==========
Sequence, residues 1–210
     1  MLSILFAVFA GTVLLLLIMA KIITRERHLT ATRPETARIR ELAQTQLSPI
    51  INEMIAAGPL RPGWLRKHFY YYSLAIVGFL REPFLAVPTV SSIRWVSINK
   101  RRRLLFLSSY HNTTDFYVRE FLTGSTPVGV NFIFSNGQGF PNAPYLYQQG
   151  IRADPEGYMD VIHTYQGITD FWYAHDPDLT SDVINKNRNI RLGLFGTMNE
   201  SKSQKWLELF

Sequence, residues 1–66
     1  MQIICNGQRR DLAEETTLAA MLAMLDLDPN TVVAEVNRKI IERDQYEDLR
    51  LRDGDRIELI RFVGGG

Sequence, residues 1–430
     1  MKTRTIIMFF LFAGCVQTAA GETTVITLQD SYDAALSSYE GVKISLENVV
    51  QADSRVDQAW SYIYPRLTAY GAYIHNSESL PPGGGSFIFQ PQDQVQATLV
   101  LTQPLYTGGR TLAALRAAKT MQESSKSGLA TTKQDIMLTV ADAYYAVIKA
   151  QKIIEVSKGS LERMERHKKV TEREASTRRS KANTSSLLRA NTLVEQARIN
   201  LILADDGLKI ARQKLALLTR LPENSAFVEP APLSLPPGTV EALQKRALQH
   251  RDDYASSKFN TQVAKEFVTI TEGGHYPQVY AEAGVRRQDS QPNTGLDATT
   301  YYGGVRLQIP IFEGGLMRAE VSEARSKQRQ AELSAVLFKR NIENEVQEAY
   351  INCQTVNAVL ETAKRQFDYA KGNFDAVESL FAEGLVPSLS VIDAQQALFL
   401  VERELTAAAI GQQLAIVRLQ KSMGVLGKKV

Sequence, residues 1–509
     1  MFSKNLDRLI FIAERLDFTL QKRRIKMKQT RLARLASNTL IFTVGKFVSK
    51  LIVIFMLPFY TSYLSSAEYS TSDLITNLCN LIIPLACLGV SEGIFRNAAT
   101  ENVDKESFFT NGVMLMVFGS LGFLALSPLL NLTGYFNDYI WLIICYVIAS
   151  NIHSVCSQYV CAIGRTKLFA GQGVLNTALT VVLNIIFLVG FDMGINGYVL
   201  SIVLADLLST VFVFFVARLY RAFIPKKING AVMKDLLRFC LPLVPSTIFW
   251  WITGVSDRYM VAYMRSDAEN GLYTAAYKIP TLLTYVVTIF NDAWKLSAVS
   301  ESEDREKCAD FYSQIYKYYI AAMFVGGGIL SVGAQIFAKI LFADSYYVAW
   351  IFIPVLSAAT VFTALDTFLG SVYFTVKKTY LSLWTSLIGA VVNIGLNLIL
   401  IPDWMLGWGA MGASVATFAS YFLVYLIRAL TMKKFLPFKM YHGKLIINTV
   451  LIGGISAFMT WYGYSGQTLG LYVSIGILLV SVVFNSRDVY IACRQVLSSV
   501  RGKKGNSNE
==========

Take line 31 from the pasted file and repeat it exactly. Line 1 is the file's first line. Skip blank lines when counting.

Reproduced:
   501  RGKKGNSNE